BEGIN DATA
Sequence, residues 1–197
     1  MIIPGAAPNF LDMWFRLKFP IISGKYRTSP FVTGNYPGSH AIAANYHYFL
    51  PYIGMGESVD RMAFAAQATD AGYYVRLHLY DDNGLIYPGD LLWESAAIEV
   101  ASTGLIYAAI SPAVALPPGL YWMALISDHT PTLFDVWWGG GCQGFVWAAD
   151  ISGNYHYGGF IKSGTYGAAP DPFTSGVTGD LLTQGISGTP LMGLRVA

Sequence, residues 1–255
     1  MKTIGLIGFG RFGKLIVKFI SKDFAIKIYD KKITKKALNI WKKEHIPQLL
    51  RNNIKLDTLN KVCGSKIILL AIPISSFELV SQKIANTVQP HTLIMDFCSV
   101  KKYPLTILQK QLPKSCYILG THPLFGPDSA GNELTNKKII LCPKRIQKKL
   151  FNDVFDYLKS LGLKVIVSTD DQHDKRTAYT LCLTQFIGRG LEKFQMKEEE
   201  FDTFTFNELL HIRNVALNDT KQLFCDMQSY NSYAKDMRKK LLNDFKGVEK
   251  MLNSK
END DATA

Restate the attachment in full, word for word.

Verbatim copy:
Sequence, residues 1–197
     1  MIIPGAAPNF LDMWFRLKFP IISGKYRTSP FVTGNYPGSH AIAANYHYFL
    51  PYIGMGESVD RMAFAAQATD AGYYVRLHLY DDNGLIYPGD LLWESAAIEV
   101  ASTGLIYAAI SPAVALPPGL YWMALISDHT PTLFDVWWGG GCQGFVWAAD
   151  ISGNYHYGGF IKSGTYGAAP DPFTSGVTGD LLTQGISGTP LMGLRVA

Sequence, residues 1–255
     1  MKTIGLIGFG RFGKLIVKFI SKDFAIKIYD KKITKKALNI WKKEHIPQLL
    51  RNNIKLDTLN KVCGSKIILL AIPISSFELV SQKIANTVQP HTLIMDFCSV
   101  KKYPLTILQK QLPKSCYILG THPLFGPDSA GNELTNKKII LCPKRIQKKL
   151  FNDVFDYLKS LGLKVIVSTD DQHDKRTAYT LCLTQFIGRG LEKFQMKEEE
   201  FDTFTFNELL HIRNVALNDT KQLFCDMQSY NSYAKDMRKK LLNDFKGVEK
   251  MLNSK